As a teenager I attended school with two classmates (in a class of 27 students) who were Down Syndrome. Despite my typically teenagerish bad attitudes initially, I grew to greatly appreciate these students and in retrospect realize I learned a vast amount from them about compassion, teamwork, how to help others, and that people are of much more importance than achievements. I am delighted to be able to add a small voice of encouragement and support for folks with Down Syndrome.

The United Nations Secretary-General, Ban Ki-moon, has made a statement about world Down-Syndrome day, here is an excerpt:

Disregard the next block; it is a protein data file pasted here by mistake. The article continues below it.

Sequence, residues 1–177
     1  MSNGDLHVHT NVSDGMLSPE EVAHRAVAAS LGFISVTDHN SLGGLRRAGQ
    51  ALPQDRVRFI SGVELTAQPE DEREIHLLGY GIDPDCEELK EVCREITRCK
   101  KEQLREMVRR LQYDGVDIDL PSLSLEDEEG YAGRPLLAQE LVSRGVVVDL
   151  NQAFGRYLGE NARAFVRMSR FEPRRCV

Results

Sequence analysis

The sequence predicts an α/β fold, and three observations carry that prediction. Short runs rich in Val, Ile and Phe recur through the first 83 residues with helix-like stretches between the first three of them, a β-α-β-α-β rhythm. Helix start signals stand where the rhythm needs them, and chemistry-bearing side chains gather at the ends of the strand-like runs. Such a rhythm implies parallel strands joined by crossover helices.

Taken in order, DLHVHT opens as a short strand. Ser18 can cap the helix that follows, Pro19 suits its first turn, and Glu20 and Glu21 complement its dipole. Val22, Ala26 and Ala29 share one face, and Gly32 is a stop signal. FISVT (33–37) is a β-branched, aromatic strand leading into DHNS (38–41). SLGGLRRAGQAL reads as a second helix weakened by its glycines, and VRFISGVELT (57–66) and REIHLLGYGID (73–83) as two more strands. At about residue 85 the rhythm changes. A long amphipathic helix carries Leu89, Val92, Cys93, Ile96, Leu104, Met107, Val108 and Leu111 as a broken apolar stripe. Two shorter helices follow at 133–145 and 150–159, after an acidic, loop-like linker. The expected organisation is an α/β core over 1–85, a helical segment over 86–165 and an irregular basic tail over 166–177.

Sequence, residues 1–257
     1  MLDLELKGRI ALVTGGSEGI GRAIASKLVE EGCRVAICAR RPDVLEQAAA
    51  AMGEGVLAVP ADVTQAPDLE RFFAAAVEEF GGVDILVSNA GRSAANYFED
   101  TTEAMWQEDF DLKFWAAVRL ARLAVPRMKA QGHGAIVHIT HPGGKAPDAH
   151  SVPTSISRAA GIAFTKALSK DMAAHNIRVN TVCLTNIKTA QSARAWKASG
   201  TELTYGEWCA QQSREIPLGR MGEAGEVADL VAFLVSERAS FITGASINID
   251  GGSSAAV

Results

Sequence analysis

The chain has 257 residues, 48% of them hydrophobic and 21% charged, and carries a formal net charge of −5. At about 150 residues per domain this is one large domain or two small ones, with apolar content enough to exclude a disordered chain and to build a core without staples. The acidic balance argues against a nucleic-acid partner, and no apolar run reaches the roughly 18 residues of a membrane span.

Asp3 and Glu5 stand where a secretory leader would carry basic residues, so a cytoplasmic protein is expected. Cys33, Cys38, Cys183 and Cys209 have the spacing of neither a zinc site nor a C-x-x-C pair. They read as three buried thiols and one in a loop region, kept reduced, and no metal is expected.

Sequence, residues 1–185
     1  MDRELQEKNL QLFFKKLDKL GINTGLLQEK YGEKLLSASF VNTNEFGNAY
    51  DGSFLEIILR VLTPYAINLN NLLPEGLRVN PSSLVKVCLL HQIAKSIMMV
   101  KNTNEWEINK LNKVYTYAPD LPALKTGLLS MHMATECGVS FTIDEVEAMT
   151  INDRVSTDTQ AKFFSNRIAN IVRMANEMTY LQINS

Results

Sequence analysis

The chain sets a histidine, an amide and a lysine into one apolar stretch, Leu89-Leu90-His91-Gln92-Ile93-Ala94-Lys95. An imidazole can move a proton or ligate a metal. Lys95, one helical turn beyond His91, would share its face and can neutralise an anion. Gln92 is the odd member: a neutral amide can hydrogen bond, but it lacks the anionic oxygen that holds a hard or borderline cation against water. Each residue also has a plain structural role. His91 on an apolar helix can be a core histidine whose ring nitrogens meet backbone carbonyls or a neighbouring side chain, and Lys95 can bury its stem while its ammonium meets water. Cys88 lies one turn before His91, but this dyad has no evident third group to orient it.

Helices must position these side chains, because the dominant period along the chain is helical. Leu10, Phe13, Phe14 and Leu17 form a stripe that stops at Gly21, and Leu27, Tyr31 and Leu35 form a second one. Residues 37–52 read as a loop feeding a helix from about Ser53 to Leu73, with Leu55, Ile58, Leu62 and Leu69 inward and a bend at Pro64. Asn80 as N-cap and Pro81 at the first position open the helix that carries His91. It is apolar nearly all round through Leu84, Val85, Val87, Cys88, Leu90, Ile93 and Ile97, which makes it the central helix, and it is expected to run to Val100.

For too long, persons with Down syndrome, including children, have been left on the margins of society. In many countries, they continue to face stigma and discrimination as well as legal, attitudinal and environmental barriers that hinder their participation in their communities.

He finishes by saying:

On this day, let us reaffirm that persons with Down syndrome are entitled to the full and effective enjoyment of all human rights and fundamental freedoms.  Let us each do our part to enable children and persons with Down syndrome to participate fully in the development and life of their societies on an equal basis with others. Let us build an inclusive society for all.

I have highlighted a statement which is very important. The most important human right which needs to be upheld for people with Down’s Syndrome is the right to life – spelled out in Article 10 of the Convention on the Rights of Persons with Disabilities:

Article 10 – Right to life